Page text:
Crowned By Chance Cover Story

Taylor Roberts as Lady Macbeth
photo by Scott Elmquist

Hollywood Calling: Crowned By Chance

by Richard Foster

With a Virginia license plate reading “LADY MCB,” the 30-foot-long stretch limo is parked in the brick-paved driveway of a tony Cary Street Road estate. The gaping maw of its open trunk provides a handy receptacle for the many corpses that stack up in Macbeth’s wake, which on this afternoon includes Roukin. He cracks a joke about “spooning” while he folds himself into the trunk alongside his similarly bloodied “Turn” co-star Daniel Henshall.

Back in 1999, Angus Macfadyen was playing Orson Welles in director Tim Robbins’ “Cradle Will Rock,” when Vanessa Redgrave innocently asked him, “Do you think Orson’s ‘Macbeth’ is any good?”

“I just looked at her and I said, ‘You said the word,’” Macfadyen recalls.

It’s a long-held superstition among thespians to refer to “Macbeth” as “the Scottish Play,” in fear that doom and disaster will follow the mere mention of Shakespeare’s 1606 masterpiece inside a theater or during the staging of a play.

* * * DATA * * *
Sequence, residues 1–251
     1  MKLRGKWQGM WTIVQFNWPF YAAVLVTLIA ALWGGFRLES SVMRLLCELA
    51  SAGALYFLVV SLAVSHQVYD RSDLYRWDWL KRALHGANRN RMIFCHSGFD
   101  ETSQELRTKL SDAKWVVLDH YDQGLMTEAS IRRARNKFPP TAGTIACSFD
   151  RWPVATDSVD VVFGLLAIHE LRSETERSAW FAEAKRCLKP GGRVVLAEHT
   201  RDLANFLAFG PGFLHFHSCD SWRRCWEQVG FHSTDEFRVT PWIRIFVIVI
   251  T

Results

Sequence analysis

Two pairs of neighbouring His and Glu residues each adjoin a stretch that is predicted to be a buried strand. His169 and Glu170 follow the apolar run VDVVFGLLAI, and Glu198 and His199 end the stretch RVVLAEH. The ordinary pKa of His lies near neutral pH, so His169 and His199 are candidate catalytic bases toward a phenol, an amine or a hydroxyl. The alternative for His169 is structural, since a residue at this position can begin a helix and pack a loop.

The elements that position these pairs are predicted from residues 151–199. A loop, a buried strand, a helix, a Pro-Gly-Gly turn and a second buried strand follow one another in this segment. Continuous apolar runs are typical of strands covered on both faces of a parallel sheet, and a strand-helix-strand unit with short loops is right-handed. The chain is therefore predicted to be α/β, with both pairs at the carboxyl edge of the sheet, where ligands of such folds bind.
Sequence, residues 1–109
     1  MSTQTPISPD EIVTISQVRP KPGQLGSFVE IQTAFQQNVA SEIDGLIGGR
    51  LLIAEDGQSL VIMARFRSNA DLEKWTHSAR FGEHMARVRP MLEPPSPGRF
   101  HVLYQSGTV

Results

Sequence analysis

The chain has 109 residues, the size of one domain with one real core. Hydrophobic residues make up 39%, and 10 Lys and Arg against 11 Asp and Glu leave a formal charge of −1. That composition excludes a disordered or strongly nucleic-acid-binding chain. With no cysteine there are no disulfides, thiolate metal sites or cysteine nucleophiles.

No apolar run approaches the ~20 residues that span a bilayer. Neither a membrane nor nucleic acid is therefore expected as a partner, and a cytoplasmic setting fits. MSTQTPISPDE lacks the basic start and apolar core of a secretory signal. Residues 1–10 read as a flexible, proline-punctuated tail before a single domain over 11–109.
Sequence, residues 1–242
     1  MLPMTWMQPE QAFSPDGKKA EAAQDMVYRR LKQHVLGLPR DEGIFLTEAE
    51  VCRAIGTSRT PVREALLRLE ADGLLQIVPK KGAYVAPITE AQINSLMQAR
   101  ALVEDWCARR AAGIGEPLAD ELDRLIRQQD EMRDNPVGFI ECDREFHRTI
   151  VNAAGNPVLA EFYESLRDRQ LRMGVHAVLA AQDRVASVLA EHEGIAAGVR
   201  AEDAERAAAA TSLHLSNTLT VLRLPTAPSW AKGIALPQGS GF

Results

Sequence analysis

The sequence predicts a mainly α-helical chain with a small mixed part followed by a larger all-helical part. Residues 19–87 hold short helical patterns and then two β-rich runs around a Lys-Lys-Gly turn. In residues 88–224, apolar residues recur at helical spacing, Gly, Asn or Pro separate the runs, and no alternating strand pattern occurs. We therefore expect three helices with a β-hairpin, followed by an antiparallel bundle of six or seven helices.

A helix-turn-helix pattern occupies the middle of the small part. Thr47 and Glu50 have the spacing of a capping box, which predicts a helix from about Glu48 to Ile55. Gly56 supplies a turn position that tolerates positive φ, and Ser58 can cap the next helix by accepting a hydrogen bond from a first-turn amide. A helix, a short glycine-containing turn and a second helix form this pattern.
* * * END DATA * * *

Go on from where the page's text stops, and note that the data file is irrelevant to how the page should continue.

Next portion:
“She looked at me and said, ‘You don’t believe in that nonsense, do you?’” But by the end of the day, Macfadyen says, “somebody had almost cut their thumb off and the entire day’s filming … got overexposed.” Fortunately, no such plagues have beset the Richmond-based shooting of Macfadyen’s 2015 indie feature film of “Macbeth” — perhaps because most of the movie was filmed within the confines of a black, 1997 Lincoln Town Car stretch limo.

Originally owned by a Texas oil mogul, the limo was acquired from a seller in Powhatan County through a Craigslist ad spotted by Macfadyen. This is an avant-garde re-imagining of the Shakespearean tragedy — written and directed by Macfadyen, best known for his role as the conflicted Scottish nobleman Robert the Bruce in Mel Gibson’s “Braveheart,” which won the 1996 Academy Award for best picture. He also appeared in the “Saw” horror franchise but says wryly that bringing up that role is “a saw point” for him.

His film also features several of his fellow cast members from AMC’s Revolutionary War espionage drama “Turn: Washington’s Spies.” Filmed in the Richmond area, “Turn” features Macfadyen as the burly, obsessive Scottish guerrilla warrior Robert Rogers. Macfadyen shot “Macbeth” around the filming of “Turn’s” second season, which recently wrapped and premieres in April.

“To me, the limo represents our fate, constantly moving,” says Taylor Roberts, who plays Lady Macbeth. A film noir buff, she patterned her performance after silver-screen femmes fatales such as Ava Gardner in “The Killers.”

“We are really only trapped in this small, moving thing once we’ve done the deed and killed the king,” Roberts says. “After that, there is no turning back. It’s a one-way street ‘all the way to the end of the line,’ as they say in ‘Double Indemnity.’”

read more at Style Weekly

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